Statehood carries obligations and commitments—and these expose the group to failure

The international community does not yet understand the Islamic State of Iraq and Syria (ISIS). Governments are accustomed to thinking of religious militants as networks of terrorists, saboteurs, assassins and opportunists hiding among the population – quintessential non-state actors, fighting the state. These ideas are obsolete against ISIS. ISIS is no mere militia; in its territory, it is the state. Its claims to statehood are neither unfounded nor ridiculous. Its control of vast territory and resources make it arguably the most powerful religious militant group in modern history. Just as states have strengths, however, they also have weaknesses. Exploiting these weaknesses is the only way to defeat ISIS – counterterrorism is not enough – but addressing the ISIS problem starts with understanding it.

ISIS will inevitably launch terrorist attacks on the United States. At present, however, the group is more focused on capturing land, territory, and resources, and fulfilling its dream of re-establishing the Islamic caliphate. ISIS’ proximate enemy is therefore not the United States, but any individuals, groups or governments standing in its path to statehood. As shown by its limited actions in Iraq, the United States has chosen to contain rather than destroy ISIS, and the group can certainly live with this. Having watched core al Qaeda sink into near irrelevance, ISIS has learned that, without secure territory, recruits and resources, it cannot confront the West. Indeed, even such a confrontation is just a means to a much broader, more ambitious end of de facto statehood.

Given the group’s limited size and ideological eccentricity, ISIS’ state-building project has been a surprising success. However, being a state carries obligations and commitments that expose ISIS to failure. By declaring a caliphate, ISIS committed itself to preserving and expanding its borders and controlling populations, including would-be dissidents. By projecting an image of confidence, control and inevitable victory, ISIS continues to attract local and foreign recruits, while co-opting its opponents or intimidating them into submission. Interrupting and rolling back some of its dramatic battlefield successes would have an enormous psychological impact, heartening its opponents, shattering its image of invulnerability and encouraging popular uprisings against it – insurgencies against the jihadist insurgents-turned-governors.

As an aspiring government authority, ISIS is also committed to providing public and social services to the population, activities in which it is already deeply engaged. These many public goods include power and water services, law enforcement, health care, dispute resolution, employment, education and public outreach. These responsibilities cost money, which in ISIS’ case comes from extortion (or taxation, as it were), control of energy and water resources, and plunder.

These sources are of course vulnerable to physical attack and disruption. Strategic assets such as oil facilities and utilities infrastructure are highly visible and vulnerable to air strikes. ISIS also makes little effort to disguise governing facilities, political headquarters and policy and security installations. As a self-appointed state, ISIS sees little reason to keep a low profile in its own territory. Remarkably, its rivals have made little to no effort to target these assets, which are essential pillars of ISIS’ political authority and governance. For those very reasons, however, destroying these facilities without empowering moderate Sunni groups to govern in ISIS’ place would only lead to state collapse in ISIS-held areas. International efforts continue to focus on foreign terrorist finances such as donations. ISIS – a self-funded organization – remains wealthy.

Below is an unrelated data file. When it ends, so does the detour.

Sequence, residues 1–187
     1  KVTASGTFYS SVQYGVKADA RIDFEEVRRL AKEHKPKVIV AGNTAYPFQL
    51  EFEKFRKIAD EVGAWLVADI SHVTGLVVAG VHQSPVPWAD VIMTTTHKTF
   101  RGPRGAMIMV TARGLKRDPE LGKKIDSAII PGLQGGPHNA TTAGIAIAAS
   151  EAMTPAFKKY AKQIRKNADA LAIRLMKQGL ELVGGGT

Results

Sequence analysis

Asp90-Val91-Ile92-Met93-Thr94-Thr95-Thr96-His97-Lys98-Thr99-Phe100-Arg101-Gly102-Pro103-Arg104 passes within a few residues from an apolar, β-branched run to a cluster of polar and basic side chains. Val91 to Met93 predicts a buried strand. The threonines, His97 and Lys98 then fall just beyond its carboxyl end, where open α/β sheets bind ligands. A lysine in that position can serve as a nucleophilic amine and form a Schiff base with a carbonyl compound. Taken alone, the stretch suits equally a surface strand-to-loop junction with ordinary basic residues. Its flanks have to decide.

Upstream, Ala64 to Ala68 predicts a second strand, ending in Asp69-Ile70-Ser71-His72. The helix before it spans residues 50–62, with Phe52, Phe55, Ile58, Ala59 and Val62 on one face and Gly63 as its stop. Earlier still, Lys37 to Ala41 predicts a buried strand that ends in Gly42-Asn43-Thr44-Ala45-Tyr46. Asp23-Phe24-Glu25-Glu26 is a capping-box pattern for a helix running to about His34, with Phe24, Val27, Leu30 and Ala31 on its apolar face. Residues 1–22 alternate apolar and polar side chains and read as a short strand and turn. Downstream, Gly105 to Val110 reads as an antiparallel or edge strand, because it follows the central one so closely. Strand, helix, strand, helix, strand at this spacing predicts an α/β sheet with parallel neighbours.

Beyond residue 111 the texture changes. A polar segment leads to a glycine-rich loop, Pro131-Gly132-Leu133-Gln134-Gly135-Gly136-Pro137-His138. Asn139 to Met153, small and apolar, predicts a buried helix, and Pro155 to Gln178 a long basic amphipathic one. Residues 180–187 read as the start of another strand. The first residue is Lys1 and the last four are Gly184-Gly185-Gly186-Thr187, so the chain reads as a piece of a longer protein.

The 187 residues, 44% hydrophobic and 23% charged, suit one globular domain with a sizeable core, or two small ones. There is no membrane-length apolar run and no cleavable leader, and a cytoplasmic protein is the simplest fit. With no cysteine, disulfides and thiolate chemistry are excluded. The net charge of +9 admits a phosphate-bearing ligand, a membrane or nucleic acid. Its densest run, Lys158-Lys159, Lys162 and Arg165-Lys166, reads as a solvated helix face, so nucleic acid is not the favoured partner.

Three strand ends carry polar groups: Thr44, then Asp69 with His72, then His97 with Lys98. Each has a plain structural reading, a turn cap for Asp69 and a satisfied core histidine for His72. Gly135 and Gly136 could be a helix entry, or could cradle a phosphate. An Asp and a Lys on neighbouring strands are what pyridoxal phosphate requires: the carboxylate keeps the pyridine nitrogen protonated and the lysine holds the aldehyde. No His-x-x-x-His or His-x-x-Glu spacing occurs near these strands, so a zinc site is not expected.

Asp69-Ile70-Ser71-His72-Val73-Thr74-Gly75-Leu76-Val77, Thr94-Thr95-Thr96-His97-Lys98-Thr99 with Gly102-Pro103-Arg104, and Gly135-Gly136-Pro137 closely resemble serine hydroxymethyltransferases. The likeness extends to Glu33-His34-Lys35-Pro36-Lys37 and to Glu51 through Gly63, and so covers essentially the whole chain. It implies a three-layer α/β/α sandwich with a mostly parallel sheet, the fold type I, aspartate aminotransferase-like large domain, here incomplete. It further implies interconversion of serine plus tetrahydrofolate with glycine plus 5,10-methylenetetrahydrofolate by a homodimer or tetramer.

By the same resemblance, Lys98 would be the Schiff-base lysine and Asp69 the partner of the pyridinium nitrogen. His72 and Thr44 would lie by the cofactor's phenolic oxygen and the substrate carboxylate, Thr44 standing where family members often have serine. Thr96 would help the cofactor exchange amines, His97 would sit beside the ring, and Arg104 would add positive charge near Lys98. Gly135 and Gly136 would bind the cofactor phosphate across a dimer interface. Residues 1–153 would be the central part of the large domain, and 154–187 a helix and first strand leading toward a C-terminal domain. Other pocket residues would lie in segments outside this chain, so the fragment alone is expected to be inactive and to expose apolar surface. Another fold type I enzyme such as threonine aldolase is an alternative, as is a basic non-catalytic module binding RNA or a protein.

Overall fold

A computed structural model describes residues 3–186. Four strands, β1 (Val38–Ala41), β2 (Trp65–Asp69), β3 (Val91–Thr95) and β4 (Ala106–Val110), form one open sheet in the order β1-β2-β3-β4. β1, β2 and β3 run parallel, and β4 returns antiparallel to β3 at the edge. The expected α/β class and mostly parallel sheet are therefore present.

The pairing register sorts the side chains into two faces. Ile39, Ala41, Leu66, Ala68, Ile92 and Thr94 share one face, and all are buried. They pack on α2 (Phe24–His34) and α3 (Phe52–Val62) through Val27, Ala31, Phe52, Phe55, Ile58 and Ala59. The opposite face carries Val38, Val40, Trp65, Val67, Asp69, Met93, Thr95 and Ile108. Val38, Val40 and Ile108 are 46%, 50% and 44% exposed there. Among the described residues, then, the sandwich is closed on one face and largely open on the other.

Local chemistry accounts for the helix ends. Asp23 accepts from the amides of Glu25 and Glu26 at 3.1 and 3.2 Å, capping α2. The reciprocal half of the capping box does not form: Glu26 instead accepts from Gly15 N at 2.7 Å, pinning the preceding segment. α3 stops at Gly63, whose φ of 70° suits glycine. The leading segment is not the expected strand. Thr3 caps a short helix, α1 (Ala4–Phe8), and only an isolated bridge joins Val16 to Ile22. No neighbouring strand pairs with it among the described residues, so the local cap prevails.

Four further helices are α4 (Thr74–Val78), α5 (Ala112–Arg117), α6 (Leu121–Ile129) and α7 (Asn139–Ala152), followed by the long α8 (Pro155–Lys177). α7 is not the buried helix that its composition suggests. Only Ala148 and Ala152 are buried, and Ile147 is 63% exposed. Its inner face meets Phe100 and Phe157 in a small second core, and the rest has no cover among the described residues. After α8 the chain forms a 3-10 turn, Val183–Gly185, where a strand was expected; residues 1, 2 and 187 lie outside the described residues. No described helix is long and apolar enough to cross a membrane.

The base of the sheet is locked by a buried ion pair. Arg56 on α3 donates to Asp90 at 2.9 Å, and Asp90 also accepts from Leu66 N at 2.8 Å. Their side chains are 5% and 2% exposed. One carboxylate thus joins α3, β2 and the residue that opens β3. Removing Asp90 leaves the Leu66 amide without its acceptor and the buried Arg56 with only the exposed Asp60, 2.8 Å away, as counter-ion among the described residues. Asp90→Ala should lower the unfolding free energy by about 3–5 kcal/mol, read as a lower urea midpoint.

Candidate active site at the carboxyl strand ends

ISIS is brutal toward anyone who resists its rule or laws; force plays a significant role in its control over populations. Like any state, however, ISIS cannot govern by force alone. Governance requires at least some cooperation from key population segments – tribal leaders, local militiamen and business owners, professionals able to provide technical services, and others. ISIS’ ideology is unpopular, but like many citizens of dictatorships, ISIS’ subjects calculate that resistance is pointless without weapons, money and the ability to organize. On these fronts, they are outmatched, due in part to the lack of outside assistance for rebel groups fighting ISIS in its heartland in Syria. These potential subversives can be encouraged and enabled to overthrown the de facto ISIS government.

Above all, ISIS wants to control territory and borders. Otherwise it is just one militia among many others in Syria and Iraq. This requires fighting on multiple fronts against multiple enemies, within both Syria and Iraq. That means openly moving fighters, arms and equipment across vast desert areas. Therefore, like any conventional army, ISIS is prone to overstretch. These increasingly lengthy lines of communication are prime targets for ground and air attacks that would destroy ISIS’ territorial integrity and fighting capability. For now, however, its enemies – the Syrian regime, Syrian rebel groups, Iraqi Shia militias, Iraqi security forces and indeed the United States – are either unwilling or unable to hit ISIS where it would hurt most.

ISIS is certainly not more powerful than a coalition of all these potential rivals. Even taken alone, most of its enemies vastly outnumber it. But ISIS is adaptive, creative and ambitious. By contrast, the international community’s response has been rigid, predictable and unimaginative. If it continues to see and treat ISIS as simply a terrorist group, the international community will forever be playing defense, which ISIS can happily live with, until it no longer has to and can go on the offensive abroad. Unless its rivals understand and treat ISIS as a state, and exploit the vulnerabilities statehood presents, ISIS will continue to outclass them in ambition and sophistication, and it will have its state.

Faysal Itani is a resident fellow with the Atlantic Council’s Rafik Hariri Center for the Middle East.